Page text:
Whether you’re in the Mile High City or somewhere else, Valentine’s Day is different for adults and kids. As an adult, It’s a day associated first and foremost with romance showing affection for your romantic partner. Generally speaking, it’s the one day a year when a date with your sweetie is virtually guaranteed, the one day a year when flowers are virtually mandatory for many couples – or else there might be trouble!
The day’s focus is squarely on romantic love, and for couples that have been together for some time, it’s a date when the spirit of the early days of courtship may be revived. Gifts are exchanged, date night is arranged, sweet gestures flow back and forth. Maybe you plan a romantic weekend trip to the Colorado Rocky Mountains, a classy date night in Cherry Creek or Downtown Denver, a bundled-up snuggle-walk around City Park in Denver, or an overnight stay in Colorado Springs. The focus is on all things romance. In fact, the holiday itself has its origin in St. Valentine’s arrangement of secret marriages and ancient pagan matchmaking. But, as single people know, all of this can also feel a bit alienating if you don’t have a partner. It can feel like ole’ St. Valentine’s Day just isn’t for you in that particular year. It’s easy to really feel like an outcast, and the day may even be an unhappy one!
But remember what it was like as kids? For many of us from the United States, there are undoubtedly memories of picking out your favorite cards at the store (or making them yourself), setting up those cute little Valentine’s Day card holders on the front of our desks at school, thinking about what you wanted to say to whom, the excitement of waiting to see what others gave you, and everything else! While maybe we had innocent little crushes on certain fellow school kids, the day was more about showing love and appreciation for all of your classmates, all of your peers. It wasn’t just about romance: it was about more of a feeling of universal love.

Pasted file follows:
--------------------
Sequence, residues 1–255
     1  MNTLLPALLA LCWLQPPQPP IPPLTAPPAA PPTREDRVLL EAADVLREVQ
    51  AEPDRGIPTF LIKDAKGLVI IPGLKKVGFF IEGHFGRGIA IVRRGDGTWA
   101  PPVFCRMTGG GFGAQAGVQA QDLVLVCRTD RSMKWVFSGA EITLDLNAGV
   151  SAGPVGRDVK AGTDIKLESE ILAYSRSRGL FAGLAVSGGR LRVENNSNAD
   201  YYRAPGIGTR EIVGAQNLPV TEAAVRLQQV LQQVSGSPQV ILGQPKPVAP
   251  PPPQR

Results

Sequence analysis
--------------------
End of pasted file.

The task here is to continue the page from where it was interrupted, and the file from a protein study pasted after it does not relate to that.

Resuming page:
As you may already know, Partners In Pediatrics was the Denver Metro Area’s first integrative pediatrician practice, founded in 1977. In addition to practicing conventional medicine and health care, we also take a holistic approach to pediatric care for our patients – your wonderful kids! Part of being a holistic pediatrician is looking at a child’s whole being, their mind, body and spirit – and one thing we’ve seen in our decades of practice is that love is crucial. Love for self, love for family, and love for friends and others. Love makes the world go ’round, as they say! Being able to express love is an important aspect of life for all people of all ages, whether it’s romantic, friendly, familial or even just compassionate love for a stranger. There is also evidence-based research indicating that expressing love is literally good for your health – and we’re not just saying that because we practice integrative medicine! Consider it a form of complementary and alternative “holistic treatment” that helps a person feel happy!
Valentine’s Day is a wonderful time to encourage your children to show love for those they care about, whether it’s their friends, siblings, grandparents, neighbors, teachers or anyone else (heck, maybe even you!). This could take any form, be it a card, a gift, a big hug, or even a smile and a “Happy Valentine’s Day!” Encouraging our children to express love openly can be a wonderful gift to them as they develop. It encourages open communication and self-expression, fosters closer friendships and sets them up for happier, more fulfilling romantic relationships when the time comes. Even simple expressions of love and affection can have such a powerful impact on a person, too. How delightful is it to have a friend (or even stranger) randomly say something nice and sincere to you? At times, these expressions may even be life-changing. Teaching kids the power of love, kindness and affection can have a larger impact on the world as a whole than you might think.
Witnessing children experience Valentine’s Day is a reminder of a time of innocence, when love was expressed without fear, without the taint of past experiences of rejection or disappointment that so many of us carry. Encouraging them to show their love for others can change lives, and it might even help cultivate your own spirit of affection, too!
Happy Valentine’s Day to all of you from Partners In Pediatrics!
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